A post-COVID medical world

As we navigate everyday life in the midst of battling COVID-19, our thoughts naturally migrate to what medicine might look like post viral pandemic.

As the new norms of social distancing, virtual meetings, and little to no human contact continue, we cannot help but wonder will these new social norms become permanent behavior patterns? And if so, what implications do they have for the physician and patient alike?

Humans are a social species, reliant on facial expressions, body language, and voice intonations to comprehend the subtle messages being conveyed with each person to person interaction. When these cues are removed or dampened by masks, face shields, and full PPE, we lose a portion of our human connectedness. If we add virtual communication in the form of telemedicine to the mix, the distance between each other grows farther.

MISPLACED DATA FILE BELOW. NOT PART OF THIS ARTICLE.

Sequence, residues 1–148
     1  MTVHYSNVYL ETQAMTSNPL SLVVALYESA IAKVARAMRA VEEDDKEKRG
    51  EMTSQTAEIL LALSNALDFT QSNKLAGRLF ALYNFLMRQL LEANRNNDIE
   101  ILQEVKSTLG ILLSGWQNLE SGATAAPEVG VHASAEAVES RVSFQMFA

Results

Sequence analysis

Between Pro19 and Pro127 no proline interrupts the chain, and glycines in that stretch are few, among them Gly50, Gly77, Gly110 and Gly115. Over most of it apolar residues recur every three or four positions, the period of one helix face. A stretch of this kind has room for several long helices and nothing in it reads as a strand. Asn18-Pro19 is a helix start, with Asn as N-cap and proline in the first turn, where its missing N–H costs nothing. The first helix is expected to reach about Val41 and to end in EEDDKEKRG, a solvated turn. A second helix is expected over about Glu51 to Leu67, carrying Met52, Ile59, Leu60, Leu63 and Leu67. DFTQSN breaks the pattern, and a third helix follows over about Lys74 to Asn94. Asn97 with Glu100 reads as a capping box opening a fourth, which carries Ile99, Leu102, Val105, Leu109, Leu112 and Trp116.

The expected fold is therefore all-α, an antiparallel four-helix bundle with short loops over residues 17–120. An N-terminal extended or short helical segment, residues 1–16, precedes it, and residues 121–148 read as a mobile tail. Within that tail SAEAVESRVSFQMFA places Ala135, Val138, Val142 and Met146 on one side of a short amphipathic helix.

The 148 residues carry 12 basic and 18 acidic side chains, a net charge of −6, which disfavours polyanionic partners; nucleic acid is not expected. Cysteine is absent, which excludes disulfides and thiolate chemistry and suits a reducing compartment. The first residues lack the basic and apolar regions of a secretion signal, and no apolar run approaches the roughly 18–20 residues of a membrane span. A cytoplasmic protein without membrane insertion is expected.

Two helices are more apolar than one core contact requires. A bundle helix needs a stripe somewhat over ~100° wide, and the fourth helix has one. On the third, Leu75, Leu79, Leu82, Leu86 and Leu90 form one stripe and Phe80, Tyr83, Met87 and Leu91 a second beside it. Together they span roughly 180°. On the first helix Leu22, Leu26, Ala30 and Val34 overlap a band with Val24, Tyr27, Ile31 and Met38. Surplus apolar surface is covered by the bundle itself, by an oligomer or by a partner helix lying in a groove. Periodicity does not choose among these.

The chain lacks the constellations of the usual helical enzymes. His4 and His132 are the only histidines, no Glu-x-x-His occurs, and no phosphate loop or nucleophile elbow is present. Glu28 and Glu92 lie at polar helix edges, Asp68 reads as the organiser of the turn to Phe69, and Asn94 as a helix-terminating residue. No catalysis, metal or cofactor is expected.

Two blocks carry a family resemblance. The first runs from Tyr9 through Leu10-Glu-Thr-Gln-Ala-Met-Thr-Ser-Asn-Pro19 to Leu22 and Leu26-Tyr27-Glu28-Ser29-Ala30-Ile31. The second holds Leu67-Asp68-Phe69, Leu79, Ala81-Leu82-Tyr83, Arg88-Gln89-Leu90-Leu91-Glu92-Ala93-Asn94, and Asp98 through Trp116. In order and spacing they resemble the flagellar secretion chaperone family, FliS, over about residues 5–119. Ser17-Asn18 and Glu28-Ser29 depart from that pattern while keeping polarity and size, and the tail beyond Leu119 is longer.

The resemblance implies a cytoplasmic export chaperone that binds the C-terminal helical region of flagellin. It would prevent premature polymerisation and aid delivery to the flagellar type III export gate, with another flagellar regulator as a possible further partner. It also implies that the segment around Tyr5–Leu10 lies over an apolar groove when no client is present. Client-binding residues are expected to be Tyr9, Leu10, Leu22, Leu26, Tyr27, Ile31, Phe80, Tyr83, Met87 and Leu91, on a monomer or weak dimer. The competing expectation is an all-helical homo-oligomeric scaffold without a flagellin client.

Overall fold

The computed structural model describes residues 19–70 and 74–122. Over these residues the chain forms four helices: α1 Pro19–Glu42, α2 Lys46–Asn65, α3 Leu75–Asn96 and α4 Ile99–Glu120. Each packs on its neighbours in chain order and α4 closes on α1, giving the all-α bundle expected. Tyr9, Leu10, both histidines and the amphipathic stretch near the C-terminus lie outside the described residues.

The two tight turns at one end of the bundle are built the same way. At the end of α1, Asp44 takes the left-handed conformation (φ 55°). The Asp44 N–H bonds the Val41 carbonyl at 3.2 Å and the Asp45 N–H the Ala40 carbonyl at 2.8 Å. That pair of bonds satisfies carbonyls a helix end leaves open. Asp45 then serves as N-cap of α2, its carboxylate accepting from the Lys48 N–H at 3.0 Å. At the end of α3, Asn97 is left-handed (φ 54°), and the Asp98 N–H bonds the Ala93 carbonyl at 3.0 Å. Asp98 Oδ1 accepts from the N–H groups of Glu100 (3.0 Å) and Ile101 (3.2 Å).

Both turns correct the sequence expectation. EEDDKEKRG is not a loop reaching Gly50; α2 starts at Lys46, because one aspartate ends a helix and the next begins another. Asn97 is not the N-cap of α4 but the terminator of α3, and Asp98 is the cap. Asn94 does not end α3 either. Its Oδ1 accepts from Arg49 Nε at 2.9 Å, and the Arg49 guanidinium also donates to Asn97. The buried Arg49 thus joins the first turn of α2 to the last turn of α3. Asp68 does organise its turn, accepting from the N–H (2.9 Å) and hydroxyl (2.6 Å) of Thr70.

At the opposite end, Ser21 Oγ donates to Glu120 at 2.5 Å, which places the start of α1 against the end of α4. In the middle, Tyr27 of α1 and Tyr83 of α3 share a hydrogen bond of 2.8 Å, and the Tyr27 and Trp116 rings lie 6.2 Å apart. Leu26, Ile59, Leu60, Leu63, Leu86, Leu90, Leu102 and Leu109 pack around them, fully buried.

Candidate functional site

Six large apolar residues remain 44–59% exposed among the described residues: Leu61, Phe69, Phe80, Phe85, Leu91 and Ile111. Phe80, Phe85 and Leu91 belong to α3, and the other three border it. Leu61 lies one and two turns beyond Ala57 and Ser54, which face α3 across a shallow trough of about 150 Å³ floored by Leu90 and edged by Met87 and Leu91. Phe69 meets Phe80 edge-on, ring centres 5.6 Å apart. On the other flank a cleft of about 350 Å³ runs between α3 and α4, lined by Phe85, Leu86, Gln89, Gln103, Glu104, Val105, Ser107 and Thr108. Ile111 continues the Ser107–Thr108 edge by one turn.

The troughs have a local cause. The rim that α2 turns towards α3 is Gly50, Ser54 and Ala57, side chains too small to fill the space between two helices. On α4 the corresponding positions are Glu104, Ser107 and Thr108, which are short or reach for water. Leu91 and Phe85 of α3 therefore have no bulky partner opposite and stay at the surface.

The pros of telemedicine vs. physician to patient direct contact include:

1. Safety. Healthy patients are prevented from interacting with sick patients. In addition, those who may not feel well can see their physician from the comfort of their own home.

2. Time efficiency for patients. Patients do not have to travel to see a physician in their office, nor do they need to lose work-time to see a physician.

3. Time management for physicians and patients. In a society where being a single parent or being a family with both working adults are common situations, a physician and their patient can arrange virtual visits around their schedules that would better benefit both their family needs.